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Terminology change may have same discriminatory intent

In 2013, Facebook settled a lawsuit brought by the California Fair Employment and Housing Department for an employment ad that stated the company preferred class of 2007 or 2008 applicants. Now, companies are starting to use the term 'digital natives" in their recruiting ads as a method of attracting younger employees. A recent search showed dozens of ads using this term.

The term was created in 2001 and is used for someone born after the start of the digital age. They are viewed to be native "speakers" in technology, as others, for example are defined to be native Spanish or English speakers. In contrast, those potential employees born before the start of the digital age are labeled 'digital immigrants".

A spokesperson for the Equal Employment Opportunity Commission said that the agency has not taken an official position on if use of the term 'digital native" constitutes prohibited age discrimination. Before the EEOC will investigate, a job seeker must file a complaint with that federal agency. To date, no one has.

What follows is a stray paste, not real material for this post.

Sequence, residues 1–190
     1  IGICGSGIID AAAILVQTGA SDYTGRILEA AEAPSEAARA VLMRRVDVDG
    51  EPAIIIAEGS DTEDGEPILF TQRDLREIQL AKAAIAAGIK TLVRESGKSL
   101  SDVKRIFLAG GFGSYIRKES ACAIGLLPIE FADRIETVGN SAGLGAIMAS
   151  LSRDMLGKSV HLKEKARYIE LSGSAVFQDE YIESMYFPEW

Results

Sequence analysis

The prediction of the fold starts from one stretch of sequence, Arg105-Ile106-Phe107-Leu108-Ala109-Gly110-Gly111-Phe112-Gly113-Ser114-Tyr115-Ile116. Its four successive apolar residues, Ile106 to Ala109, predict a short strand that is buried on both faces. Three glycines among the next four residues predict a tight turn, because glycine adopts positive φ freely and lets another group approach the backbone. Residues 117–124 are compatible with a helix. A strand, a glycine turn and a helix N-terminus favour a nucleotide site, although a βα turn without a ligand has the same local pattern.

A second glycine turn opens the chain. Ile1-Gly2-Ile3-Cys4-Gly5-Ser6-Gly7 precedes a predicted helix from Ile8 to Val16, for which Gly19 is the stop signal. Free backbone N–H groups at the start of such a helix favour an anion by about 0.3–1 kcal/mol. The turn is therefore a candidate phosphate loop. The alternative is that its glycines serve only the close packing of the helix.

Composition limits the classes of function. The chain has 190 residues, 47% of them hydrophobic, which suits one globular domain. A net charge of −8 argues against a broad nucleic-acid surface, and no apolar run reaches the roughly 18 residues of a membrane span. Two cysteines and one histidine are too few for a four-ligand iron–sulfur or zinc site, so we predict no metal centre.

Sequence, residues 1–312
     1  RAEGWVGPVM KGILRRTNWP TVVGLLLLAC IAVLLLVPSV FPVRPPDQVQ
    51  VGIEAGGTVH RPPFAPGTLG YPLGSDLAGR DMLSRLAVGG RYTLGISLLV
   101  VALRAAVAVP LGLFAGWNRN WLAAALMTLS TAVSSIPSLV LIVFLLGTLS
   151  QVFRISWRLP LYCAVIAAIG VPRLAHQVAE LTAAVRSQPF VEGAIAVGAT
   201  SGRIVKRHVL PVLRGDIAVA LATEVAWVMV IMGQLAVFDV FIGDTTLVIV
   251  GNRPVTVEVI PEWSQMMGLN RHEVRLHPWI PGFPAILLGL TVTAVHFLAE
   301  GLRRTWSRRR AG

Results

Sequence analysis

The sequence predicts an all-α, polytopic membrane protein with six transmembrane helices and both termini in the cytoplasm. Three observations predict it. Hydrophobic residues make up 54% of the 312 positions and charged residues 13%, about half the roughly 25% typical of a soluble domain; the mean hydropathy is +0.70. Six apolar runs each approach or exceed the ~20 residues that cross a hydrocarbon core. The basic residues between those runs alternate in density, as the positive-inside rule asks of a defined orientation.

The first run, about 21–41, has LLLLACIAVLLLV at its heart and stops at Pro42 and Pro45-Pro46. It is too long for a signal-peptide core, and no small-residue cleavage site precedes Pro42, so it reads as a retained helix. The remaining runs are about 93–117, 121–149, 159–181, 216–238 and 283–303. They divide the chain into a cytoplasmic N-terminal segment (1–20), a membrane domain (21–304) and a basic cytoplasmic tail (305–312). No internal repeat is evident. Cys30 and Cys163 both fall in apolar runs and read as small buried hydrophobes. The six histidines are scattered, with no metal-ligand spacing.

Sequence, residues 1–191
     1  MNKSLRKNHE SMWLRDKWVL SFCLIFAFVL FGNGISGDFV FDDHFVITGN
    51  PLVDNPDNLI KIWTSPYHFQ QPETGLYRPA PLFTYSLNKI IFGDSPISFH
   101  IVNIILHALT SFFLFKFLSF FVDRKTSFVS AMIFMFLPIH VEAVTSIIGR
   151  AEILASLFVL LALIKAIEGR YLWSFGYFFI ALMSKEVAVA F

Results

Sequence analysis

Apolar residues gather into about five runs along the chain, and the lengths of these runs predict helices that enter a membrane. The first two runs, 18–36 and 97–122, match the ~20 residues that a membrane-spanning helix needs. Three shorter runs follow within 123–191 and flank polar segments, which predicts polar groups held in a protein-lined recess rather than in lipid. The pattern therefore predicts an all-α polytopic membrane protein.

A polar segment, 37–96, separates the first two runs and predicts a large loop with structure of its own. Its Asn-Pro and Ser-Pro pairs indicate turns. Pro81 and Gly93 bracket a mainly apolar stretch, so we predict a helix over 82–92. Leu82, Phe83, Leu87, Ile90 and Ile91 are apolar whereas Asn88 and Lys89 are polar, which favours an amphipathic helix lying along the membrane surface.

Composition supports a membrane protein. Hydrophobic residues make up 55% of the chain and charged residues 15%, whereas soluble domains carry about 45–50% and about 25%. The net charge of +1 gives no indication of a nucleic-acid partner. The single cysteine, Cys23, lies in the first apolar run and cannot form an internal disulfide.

From 1997 to 2014, age discrimination filings with the EEOC increased from 15,785 to 20,588. Furthermore, of the 121 charges filed in 2014 for discriminatory advertising, 111 claimed job advertising that discriminated against older workers. When people believe that they have been unfairly discriminated against in the hiring process, input from an attorney may help them to understand actions they can take to help themselves and, in turn, others facing this illegal activity. Workplace discrimination of all types can often be very subtle but may be very damaging to a person's ability to be hired, promoted and maintained in a position. An attorney may help a person understand when an employer or potential employer has stepped across the line and is engaged in illegal hiring or employment practices.

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